3. Moncrieff. “The Myth of the Chemical Cure: The Politics of Psychiatric Drug Treatment”; Moncrieff. The Myth of the Chemical Cure; Scull, Andrew. Madness in Civilization: A Cultural History of Insanity from the Bible to Freud, from the Madhouse to Modern Medicine. Princeton: Princeton University Press, 2015; Whitaker, Robert. Mad in America: Bad Science, Bad Medicine, and the Enduring Mistreatment of the Mentally Ill. New York: Basic Books, 2010; Moncrieff, Joanna. “Madness, Drugs and Capitalism”; Whitaker. “Part 1: The Roots”; Whitaker. Anatomy of an Epidemic; DeGrandpre, Richard J. The Cult of Pharmacology: How America Became the World's Most Troubled Drug Culture. Durham: Duke University Press, 2006; Moncrieff. The Bitterest Pills; Allison L. and Joanna Moncrieff. “’Rapid tranquilisation’: an historical perspective on its emergence in the context of the development of antipsychotic medications.” Hist. Psychiatry 25 (2014): 57-69.
  4. Ibid; Moncrieff, Joanna, David Cohen, and Sally Porter. “The Psychoactive Effects of Psychiatric Medication: The Elephant in the Room.” Journal of psychoactive drugs 45, no. 5 (2013): 409-415.
  5. Ibid; Gøtzsche. Deadly Medicines and Organised Crime; Gøtzsche. “Overdiagnosed & Overmedicated.”
  6. Ibid.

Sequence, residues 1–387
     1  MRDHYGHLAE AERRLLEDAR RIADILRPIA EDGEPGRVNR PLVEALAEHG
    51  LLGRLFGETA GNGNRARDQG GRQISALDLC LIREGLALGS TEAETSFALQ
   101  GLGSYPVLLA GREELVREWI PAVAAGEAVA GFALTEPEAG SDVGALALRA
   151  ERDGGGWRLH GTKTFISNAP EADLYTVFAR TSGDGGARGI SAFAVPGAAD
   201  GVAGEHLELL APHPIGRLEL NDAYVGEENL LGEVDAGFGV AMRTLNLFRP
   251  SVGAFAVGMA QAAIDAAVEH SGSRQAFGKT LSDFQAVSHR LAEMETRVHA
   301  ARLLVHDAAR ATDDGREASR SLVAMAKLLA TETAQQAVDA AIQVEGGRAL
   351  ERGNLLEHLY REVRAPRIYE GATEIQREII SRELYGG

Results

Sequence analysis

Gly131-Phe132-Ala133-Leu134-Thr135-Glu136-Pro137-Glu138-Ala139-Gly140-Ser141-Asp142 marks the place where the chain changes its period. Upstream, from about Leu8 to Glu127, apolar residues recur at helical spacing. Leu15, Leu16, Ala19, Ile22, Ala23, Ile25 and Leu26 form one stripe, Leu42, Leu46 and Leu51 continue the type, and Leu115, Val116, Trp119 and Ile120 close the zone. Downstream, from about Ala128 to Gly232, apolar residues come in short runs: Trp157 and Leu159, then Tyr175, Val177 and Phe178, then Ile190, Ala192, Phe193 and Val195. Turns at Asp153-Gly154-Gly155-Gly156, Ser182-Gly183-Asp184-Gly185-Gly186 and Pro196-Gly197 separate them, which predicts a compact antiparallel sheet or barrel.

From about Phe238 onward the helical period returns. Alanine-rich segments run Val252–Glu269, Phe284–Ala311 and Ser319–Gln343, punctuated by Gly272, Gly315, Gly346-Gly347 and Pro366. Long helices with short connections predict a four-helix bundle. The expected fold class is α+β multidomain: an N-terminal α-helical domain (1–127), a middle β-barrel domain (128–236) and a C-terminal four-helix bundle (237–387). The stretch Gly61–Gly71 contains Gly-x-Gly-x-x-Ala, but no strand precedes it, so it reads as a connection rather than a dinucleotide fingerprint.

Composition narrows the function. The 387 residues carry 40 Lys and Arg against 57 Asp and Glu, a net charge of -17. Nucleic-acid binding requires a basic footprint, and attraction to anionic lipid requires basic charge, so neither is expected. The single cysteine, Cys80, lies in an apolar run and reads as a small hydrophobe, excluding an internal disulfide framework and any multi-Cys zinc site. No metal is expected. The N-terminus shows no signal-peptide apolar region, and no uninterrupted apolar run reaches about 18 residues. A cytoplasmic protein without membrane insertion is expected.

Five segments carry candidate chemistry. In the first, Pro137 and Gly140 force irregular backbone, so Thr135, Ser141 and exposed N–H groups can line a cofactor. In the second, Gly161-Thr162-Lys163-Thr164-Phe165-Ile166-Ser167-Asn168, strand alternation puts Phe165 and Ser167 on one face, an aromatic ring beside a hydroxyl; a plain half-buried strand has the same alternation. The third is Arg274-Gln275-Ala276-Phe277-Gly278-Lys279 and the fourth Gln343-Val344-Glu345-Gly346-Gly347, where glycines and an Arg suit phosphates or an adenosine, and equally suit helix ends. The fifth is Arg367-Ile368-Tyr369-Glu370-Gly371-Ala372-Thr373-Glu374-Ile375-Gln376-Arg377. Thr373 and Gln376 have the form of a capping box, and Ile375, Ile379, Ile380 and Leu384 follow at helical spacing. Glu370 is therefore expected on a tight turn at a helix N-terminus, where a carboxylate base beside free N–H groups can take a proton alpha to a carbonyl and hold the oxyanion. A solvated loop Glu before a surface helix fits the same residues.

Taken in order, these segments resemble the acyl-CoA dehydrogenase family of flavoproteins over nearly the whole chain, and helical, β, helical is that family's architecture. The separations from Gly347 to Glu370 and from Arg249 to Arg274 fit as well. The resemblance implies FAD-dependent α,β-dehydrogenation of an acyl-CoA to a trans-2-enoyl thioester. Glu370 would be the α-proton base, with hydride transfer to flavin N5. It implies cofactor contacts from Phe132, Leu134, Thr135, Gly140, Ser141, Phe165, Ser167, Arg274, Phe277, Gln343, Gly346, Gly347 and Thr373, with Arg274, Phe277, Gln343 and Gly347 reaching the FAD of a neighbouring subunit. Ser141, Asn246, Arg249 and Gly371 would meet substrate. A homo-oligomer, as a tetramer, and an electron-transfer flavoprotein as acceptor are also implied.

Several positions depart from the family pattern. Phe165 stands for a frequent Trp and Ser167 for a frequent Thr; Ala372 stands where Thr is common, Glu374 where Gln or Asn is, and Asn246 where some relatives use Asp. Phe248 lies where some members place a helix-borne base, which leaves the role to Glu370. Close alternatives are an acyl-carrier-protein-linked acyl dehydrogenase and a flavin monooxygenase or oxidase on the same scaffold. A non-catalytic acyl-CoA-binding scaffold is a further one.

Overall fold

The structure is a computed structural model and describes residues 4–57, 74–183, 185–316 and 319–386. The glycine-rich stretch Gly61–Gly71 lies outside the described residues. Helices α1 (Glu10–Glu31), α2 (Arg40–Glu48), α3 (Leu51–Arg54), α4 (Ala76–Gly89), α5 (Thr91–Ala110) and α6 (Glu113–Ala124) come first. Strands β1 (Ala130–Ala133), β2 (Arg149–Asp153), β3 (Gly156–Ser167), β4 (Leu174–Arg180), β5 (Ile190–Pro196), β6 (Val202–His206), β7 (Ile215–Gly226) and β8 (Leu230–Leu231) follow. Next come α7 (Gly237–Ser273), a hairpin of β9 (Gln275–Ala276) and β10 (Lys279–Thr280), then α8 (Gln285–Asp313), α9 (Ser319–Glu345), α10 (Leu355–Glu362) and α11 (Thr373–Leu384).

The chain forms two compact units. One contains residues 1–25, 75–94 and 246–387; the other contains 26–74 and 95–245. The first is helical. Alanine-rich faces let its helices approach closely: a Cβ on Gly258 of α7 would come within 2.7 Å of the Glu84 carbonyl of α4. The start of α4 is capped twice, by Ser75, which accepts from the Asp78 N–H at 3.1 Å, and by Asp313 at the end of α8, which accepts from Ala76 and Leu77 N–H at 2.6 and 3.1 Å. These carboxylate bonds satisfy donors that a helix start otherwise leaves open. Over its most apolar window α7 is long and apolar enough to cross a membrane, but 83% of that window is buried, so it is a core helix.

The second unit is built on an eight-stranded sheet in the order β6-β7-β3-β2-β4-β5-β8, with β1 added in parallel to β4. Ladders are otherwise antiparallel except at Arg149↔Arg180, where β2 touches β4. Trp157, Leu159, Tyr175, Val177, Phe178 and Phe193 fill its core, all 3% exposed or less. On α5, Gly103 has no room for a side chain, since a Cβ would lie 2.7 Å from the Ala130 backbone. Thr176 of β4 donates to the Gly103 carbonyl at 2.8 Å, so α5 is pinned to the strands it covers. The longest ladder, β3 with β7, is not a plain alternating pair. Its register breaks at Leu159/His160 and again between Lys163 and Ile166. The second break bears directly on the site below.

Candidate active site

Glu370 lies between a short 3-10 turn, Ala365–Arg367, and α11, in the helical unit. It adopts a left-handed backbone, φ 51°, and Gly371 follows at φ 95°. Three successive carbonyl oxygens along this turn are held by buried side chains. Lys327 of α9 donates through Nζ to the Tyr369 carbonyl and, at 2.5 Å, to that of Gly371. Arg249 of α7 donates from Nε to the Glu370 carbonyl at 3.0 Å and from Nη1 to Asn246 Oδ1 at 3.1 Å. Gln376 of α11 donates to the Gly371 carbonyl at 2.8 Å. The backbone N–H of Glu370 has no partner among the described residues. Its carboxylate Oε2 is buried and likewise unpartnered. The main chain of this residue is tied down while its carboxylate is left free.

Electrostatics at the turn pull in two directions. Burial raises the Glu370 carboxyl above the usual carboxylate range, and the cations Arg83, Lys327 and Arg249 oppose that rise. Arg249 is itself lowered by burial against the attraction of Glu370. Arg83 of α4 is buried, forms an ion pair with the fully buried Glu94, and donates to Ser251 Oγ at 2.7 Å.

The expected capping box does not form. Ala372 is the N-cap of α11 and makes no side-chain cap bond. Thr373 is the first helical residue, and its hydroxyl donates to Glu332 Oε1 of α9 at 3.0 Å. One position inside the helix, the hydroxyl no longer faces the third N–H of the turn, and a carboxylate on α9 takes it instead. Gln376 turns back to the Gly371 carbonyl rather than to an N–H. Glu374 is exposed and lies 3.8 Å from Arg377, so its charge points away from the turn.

7. Moncrieff. “The Myth of the Chemical Cure: The Politics of Psychiatric Drug Treatment”; Whiatker, “Global Psychiatric Epidemic”; Moncrieff, “Why there’s no such thing as an ‘antidepressant’”; Lacasse and Leo. "Serotonin and depression”; Moncrieff and Cohen. "Rethinking models of psychotropic drug action”; Gøtzsche, “Overdiagnosed & Overmedicated”; Gøtzsche, Deadly Medicines and Organised Crime; Arkowitz and Lilienfield. “Is Depression Just Bad Chemistry?”; Kresser, “The ‘chemical imbalance’ myth”; Pies, “Psychiatry’s New Brain-Mind and the Legend of the “Chemical Imbalance”; Spiegel, “When It Comes To Depression, Serotonin Isn't The Whole Story”; Moncrieff, The Myth of the Chemical Cure; Moncrieff, The Bitterest Pills; Moncrieff, "A critique of the dopamine hypothesis of schizophrenia and psychosis”; Moncrieff, “The Nature of Mental Disorder: Disease, Distress, or Personal Tendency?"; Moncrieff and Middleton. "Schizophrenia: a critical psychiatry perspective”; Cohen and Hughes. “How do people taking psychiatric drugs explain their “chemical imbalance?”; Lacasse, & Leo, “Challenging the narrative of chemical imbalance”; Kinderman, Read, Moncrieff, and Bentall. “Drop the language of disorder”; Gonon. “The Neuroscience Research Actually Supports Withdrawing Most Alleged Mental Disorders from Medicine”; Kinderman. “Why We Need to Abandon the Disease-Model of Mental Health Care”; Whitaker, “Part 1: The Roots”; Goodkind, Eickhoff, Oathes,  Jiang, Chang, Jones-Hagata, Ortega et al. "Identification of a common neurobiological substrate for mental illness”; Moncrieff, “Madness, Drugs and Capitalism”; Valenstein, Blaming the Brain; Pies,  “Nuances, Narratives, and the “Chemical Imbalance” Debate”; Angell, The Truth About the Drug Companies; Healy. Pharmageddon; Kirsch, The Emperor's New Drugs; Whitaker. Anatomy of an Epidemic; Bracken, Thomas, Timimi, Asen, Behr, Beuster, Bhunnoo et al. "Psychiatry beyond the current paradigm." Gonon, Bezard, and Boraud. "Misrepresentation of neuroscience data might give rise to misleading conclusions in the media”; Gonon,. "The dopaminergic hypothesis of attention-deficit/hyperactivity disorder needs re-examining”; Gonon, Konsman, Cohen, and Boraud. "Why most biomedical findings echoed by newspapers turn out to be false”; Gonon. "La psychiatrie biologique”; Bourdaa, Konsman, Sécail, Venturini, Veyrat-Masson, and Gonon. "Does television reflect the evolution of scientific knowledge?”; Frances, Saving Normal.